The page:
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Entries in iPhone (4)


What the F is Going On With EA?

As an avid Battlefield 3 player, I often blame a lot of that game's shortcomings on the game studio that made it, DICE. And while DICE is far from blameless, one gets the feeling after a while that EA is equally culpable. Especially when it comes to networked (multiplayer) gameplay.

After having many issues (especially connection issues) EA pulled it's iOS version of Battlefield, "Battlefield 3: Aftershock," from the iOS App Store and permanently suspended development on it. Then yesterday they announced that they pulled another game, "The Simpsons: Tapped Out," from the App Store so they could "limit the game's server capacity...and address connectivity and lag time issues."

In some respects, this is a good thing. They're addressing issues their customers are having and are working to fix things. In fact, I wish they were half so responsive to Battlefield 3 players as they seem to be with iOS gamers. But why on earth is this happening in the first place?

EA is the king-daddy of video game companies. They're the guys who do Madden. They're the guys who, when Steve Jobs wanted a game developer to show off his new iOS devices, stepped up and made the big splash. They're the video game company that every major brand - from the NFL to, well, The Simpsons - wants to work with. So why don't their technological capabilities back up the games they release?

I can't believe it's because they're incapable. While I freely acknowledge networking thousands upon thousands of iPad gamers together across the globe to play a game against each other via the Internet isn't an easy thing to do, they must know how to do it. In fact, they seem to be able to do it with smaller number of users. It's just that they can't keep up with demand.

Which means it comes down to biting off more than you can chew. They definitely couldn't meet demand with the launch of Battlefield 3 (on PC, XBOX 360 and PS3) and with this Simpsons iOS announcement, a pattern is developing. EA needs to learn that spending a bit more time and launching a game with a bullet proof user experience is more important than being first to market, or making a big splash with a big-name title that never works right.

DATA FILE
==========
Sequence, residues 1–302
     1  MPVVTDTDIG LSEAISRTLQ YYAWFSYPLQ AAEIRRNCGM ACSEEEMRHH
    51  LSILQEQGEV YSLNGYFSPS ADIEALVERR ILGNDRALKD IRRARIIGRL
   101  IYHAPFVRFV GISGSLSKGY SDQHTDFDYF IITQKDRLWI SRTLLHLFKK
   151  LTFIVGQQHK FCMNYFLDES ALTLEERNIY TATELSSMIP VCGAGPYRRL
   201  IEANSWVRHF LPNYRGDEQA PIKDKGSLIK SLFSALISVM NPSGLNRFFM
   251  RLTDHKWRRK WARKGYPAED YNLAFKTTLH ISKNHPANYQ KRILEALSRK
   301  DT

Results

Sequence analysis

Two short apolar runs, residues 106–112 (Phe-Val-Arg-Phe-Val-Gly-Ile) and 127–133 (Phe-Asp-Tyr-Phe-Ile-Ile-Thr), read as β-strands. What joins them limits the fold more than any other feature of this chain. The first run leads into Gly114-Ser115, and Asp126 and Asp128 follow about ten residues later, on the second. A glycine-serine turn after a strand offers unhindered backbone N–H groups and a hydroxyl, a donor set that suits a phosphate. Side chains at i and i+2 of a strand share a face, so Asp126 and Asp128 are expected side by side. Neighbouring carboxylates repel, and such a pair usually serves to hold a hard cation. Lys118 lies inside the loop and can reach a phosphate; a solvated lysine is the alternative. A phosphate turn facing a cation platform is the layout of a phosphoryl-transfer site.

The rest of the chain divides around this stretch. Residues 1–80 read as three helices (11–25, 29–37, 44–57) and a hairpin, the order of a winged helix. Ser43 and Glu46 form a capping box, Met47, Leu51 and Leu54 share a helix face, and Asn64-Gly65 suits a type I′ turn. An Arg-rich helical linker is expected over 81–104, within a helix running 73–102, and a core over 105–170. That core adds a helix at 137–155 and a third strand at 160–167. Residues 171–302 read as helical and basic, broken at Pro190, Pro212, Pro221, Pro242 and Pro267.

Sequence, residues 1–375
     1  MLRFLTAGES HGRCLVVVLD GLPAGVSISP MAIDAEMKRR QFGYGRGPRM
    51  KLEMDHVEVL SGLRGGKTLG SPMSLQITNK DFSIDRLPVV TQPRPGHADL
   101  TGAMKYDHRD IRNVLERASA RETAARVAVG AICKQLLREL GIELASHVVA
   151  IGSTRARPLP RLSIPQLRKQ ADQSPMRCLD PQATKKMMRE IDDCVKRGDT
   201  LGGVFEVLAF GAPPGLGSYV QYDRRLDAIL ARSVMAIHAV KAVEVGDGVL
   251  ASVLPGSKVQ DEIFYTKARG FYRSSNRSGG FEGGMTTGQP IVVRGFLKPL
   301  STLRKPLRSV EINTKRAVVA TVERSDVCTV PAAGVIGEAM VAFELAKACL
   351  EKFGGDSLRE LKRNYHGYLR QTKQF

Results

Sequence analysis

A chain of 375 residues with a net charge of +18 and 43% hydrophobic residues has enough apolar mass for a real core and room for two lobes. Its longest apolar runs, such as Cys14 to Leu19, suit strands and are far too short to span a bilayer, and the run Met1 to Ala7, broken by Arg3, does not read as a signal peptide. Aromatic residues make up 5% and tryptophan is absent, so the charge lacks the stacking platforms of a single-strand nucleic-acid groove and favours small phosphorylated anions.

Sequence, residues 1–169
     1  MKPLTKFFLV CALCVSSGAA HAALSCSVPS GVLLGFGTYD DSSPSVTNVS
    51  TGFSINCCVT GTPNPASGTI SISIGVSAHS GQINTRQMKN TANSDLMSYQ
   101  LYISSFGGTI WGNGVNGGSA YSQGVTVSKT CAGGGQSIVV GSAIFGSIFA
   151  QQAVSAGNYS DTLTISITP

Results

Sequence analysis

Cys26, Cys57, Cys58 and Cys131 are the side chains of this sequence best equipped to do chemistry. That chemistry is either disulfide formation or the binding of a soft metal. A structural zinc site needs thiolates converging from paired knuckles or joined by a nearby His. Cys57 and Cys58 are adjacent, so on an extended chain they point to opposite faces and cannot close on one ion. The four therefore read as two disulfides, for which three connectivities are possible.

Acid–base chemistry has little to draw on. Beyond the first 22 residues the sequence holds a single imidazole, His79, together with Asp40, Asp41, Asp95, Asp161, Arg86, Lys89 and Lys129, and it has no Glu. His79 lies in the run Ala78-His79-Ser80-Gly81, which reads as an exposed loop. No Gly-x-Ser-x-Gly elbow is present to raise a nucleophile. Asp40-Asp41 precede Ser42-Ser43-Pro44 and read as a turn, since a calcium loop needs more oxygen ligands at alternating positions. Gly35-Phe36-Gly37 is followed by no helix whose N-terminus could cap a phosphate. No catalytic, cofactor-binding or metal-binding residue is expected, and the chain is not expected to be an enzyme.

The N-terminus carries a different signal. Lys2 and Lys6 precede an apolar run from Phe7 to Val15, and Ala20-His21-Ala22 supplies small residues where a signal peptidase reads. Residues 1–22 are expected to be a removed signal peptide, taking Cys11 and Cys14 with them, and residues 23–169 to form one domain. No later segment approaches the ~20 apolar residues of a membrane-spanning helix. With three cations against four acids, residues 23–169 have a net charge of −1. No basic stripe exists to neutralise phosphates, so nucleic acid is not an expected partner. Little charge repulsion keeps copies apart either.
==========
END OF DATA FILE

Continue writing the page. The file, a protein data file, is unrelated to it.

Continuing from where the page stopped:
While it sucks if you bought Battlefield 3: Aftershock thinking you were going to get a great iOS multiplayer experience, it's actually a positive thing that they scrapped it. Hopefully they focused those resources back on games that need the help. And I can only hope that in the future they invest in the infrastructure they need before they launch the great games that they make.


$1.74 Billion Spent On Video Game Content? That's a Lot of Microsoft Points.

Image via DICE Designer @ChristinaCoffin

Someone once said that the guy that invented money was smart, but the guy that invented the poker chip was a genius. I suppose the same could be said for Microsoft Points, Facebook Credits, Wii Points and all the rest because according to a recent report, in Q2 2011 consumers spent more on video game content than they did buying physical video and PC game software. "Content" seems to be defined as anything except physical games, including in-game content, game downloads (including mobile games like on on your iPhone), game rentals and everything else.

To me it's a staggering number, and indicative of where the industry is headed. A few years ago I don't even think I'd heard of the term "DLC," but now if I love a game I won't think twice about spending 1,200 Microsoft Points on new maps. And iPhone and iPad games? What's a couple of bucks if I can get a few good hours out of it (or, more importantly, if it will distract my kids for 15 minutes).

"It adds up" is apparently an understatement.

Consumers spent additional $1.74 billion on video game content in Q2 []


Game Center is My Biggest Disappointment on the iPhone

(No. "Thor" is not my Game Center nickname.)

Game Center is Apple's take on a "social gaming network." It keeps track of most all of the games I play on any iOS device (iPhone, iPad or iPod Touch), showing me my high scores and giving me achievements for different in-game challenges I've completed. On some games it will connect me with someone else (a friend or otherwise) so that I can play with them. It will also compare my scores to players all over the world, including my Game Center friends.

Wait. Game Center friends?

That's my problem.

Click to read more ...


Trucks & Skulls Is A Great Time-Waster on the iPad & iPhone

The game I've been wasting the most time with on my iPad lately is an Angry Birds clone called Trucks & Skulls. While the cosmetic changes from Angry Birds are a little more manly (skulls instead of pigs and trucks instead of birds) the gameplay is mostly the same. Which, considering how good Angry Birds is, isn't a bad thing at all. The puzzles are both fun and challenging, and just like Angry Birds you'll find yourself replaying the same level over and over again just to get that right combination of destruction.

There are some additions too, like a reward system that lets you "buy" new tricked-out trucks and periodic challenges for more "coins." And like a lot of casual games these days, you can buy the coins with actual money. So if you're letting your kids play it on your iPad, make sure you've locked in-app purchases.

I paid for the game itself, but apparently now you don't have to. Trucks & Skulls NITRO HD for the iPad and Trucks & Skulls NITRO for the iPhone is now free in the iTunes App Store.